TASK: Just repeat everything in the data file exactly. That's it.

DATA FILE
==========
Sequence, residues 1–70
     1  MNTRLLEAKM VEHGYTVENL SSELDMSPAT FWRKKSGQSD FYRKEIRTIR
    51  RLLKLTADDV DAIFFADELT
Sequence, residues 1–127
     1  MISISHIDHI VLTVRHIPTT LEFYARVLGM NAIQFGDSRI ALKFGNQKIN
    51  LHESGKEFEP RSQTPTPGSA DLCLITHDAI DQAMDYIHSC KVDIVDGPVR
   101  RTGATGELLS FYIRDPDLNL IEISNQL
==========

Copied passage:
Sequence, residues 1–70
     1  MNTRLLEAKM VEHGYTVENL SSELDMSPAT FWRKKSGQSD FYRKEIRTIR
    51  RLLKLTADDV DAIFFADELT
Sequence, residues 1–127
     1  MISISHIDHI VLTVRHIPTT LEFYARVLGM NAIQFGDSRI ALKFGNQKIN
    51  LHESGKEFEP RSQTPTPGSA DLCLITHDAI DQAMDYIHSC KVDIVDGPVR
   101  RTGATGELLS FYIRDPDLNL IEISNQL